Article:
NH Senate panel weighs competing association health plan bills
Business groups urge adoption of measure allowing them to be formed in the state
Under a recommendation by the NH Insurance Department, implementation of association health plans in the state should be tied to requiring those plans to pay into a fund to help insurers with riskier populations.
Association health plans, or AHPs, allow small businesses and self-employed individuals to band together for lower-cost health insurance. The department told lawmakers on Tuesday that the plans should be required to fund a risk assessment pool, similar to one currently at work in the Affordable Care Act, that would help cover the costs of insurers with riskier populations.
At the hearing, business after business testified in favor of AHPs, which – thanks to changes in federal regulation – are a lot more viable. However, they still can’t operate in New Hampshire without a major change in state law that would allow them to be formed.
The Senate Commerce Committee held hearings on two bills that would do that on Tuesday: Senate Bill 228, proposed by Senate Majority Leader Dan Feltes and SB 227, proposed by Sen. Jeb Bradley, R-Wolfeboro, on behalf of the Insurance Department. Business groups lined up behind both.
Each would change the law that governs existing groups, known as multiple employer welfare arrangement that allows large existing organization of a single industry – like the Bankers Association and the Auto Dealers Association – to allow smaller groups of businesses based on a common interest (like Uber drivers) or a geographical location (like a chamber of commerce).
Both bills try to strike a balance, allowing for flexible new policies while at the same time not undermining the existing system by skimming off a more healthy population. But that balance is slightly different in each bill.
HB 228 is stricter, giving the insurance commissioner the ability to quash plans that undermine the existing market. It requires that AHPs not only adhere to federal but almost all state health insurance mandates. It also requires that each group have at least 500 members.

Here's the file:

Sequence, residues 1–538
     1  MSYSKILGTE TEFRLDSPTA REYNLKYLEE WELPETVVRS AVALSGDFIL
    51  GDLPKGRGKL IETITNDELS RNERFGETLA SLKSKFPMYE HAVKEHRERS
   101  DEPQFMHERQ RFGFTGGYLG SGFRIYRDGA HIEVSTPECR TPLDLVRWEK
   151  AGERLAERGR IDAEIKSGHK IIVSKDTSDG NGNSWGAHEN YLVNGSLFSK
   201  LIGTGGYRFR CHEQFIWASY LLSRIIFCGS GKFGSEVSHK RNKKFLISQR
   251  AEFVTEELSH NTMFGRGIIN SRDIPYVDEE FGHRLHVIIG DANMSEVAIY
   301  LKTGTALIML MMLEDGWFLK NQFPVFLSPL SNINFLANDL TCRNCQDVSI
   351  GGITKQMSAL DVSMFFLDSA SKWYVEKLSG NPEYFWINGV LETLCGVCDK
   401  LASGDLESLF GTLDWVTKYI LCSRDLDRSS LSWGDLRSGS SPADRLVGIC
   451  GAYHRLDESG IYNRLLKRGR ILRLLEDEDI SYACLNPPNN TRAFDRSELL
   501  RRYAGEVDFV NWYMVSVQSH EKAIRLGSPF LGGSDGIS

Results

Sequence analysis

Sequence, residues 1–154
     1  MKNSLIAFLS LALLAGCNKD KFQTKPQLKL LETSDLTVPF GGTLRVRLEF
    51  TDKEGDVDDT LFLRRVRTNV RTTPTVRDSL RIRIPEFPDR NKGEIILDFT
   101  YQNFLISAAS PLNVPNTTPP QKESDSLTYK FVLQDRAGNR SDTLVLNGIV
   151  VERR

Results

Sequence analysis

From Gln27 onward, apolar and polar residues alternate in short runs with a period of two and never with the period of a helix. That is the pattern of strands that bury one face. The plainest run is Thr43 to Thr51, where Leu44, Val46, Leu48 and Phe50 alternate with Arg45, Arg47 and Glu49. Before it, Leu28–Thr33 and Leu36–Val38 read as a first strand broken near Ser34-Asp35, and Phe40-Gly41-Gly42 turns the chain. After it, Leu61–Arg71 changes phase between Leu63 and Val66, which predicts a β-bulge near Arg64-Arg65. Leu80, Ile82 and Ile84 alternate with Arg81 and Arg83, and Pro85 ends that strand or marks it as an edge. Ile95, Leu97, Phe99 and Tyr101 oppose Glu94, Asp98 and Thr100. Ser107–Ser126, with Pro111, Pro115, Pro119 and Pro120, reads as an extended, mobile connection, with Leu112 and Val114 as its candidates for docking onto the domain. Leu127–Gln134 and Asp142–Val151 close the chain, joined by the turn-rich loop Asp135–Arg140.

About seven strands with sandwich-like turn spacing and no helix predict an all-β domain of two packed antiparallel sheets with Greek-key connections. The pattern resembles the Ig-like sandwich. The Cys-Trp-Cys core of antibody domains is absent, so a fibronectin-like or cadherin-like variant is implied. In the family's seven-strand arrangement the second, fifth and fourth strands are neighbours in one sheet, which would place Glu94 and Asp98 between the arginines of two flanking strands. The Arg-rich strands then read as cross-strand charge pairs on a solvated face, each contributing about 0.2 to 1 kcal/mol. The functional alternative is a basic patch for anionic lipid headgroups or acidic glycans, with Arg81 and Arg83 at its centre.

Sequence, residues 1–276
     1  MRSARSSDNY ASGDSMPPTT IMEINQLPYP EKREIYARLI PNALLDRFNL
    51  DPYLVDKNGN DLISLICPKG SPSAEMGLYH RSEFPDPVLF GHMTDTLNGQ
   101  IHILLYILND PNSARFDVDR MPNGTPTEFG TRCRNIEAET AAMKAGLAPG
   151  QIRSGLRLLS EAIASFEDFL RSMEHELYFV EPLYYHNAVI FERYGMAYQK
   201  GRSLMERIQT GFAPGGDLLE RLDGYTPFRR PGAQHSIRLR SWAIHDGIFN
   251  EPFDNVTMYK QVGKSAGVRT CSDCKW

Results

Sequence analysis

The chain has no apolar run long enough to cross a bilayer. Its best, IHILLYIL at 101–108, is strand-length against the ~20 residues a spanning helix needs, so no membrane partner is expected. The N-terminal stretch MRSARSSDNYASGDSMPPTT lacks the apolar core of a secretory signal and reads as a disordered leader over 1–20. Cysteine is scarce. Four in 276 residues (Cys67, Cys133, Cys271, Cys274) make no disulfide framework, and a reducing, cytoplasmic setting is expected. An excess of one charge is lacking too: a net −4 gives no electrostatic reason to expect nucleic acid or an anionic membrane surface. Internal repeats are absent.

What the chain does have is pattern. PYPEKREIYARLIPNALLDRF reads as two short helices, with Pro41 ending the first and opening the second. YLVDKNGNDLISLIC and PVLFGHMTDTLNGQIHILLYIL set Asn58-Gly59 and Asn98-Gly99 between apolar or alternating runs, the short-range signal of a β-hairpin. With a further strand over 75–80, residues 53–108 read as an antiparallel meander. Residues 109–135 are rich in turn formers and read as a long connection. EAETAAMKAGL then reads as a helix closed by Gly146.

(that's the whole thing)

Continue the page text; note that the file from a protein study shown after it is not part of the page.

HB 227 requires groups to have more than 250 members, skips some state mandates and has no real mechanism to protect the existing market.
A ‘cry for affordable healthcare’
The NH Association of Realtors testified for HB 228, noting that many Realtors are sole proprietors and about 18 percent are uninsured. Many who have coverage get their insurance through a spouse or a second job, Medicare or the ACA exchange. But with an average age of 55 many of them can’t afford the rates.
“There has been a tension with small groups, and this would give them more leverage,” testified Paula Rogers, a lobbyist for Anthem, noting that the insurance market has been in transition. The individual market – primarily subsidized coverage under Obamacare – lost 40,000 members, as the Medicaid expansion population was moved back to Medicaid. The small group market has shrunk, from more than 80,000 to about 60,000.
“We see this as a business opportunity,” said Rogers. “There is an enormous amount of energy of wanting this to work. Whether it can work in the future remains to be seen.”
However, other business groups testified in favor of Bradley’s bill, though none denigrated Feltes’.
“The consensus is that Bradley bill is more conducive to creating opportunity,” said Jim Roche, president of the Business and Industry Association. “But we applaud both endeavors.”
Others just cited the need for AHPs, which they said could cut healthcare premiums by 10 percent.
“The cry for affordable healthcare is the biggest thing we hear from our membership,” said Donna Morris, CEO of the Greater Salem Chamber of Commerce.
“We get calls on a weekly basis from businesses who want more affordable insurance. But we don’t have anything to offer them,” said Tracy Hall, CEO of the Greater Nashua Chamber.
The Insurance Department said it was concerned worried that AHPs wouldn’t be viable under Feltes’ bill because ”how can you certify that there won’t have an affect on the existing market?” said Jenifer Patterson, healthcare policy director for the department.
Instead, the department’s draft amendment would have an actuary compare the population in each pool (though it would not use actual claims data). If there was a 20 percent discrepancy, those with a healthier pool would have to pay enough to get that number down to 12 percent, though those numbers may change, she said.
“I think it is far preferable to allow associations to be viable as opposed to have them certified,” Patterson said.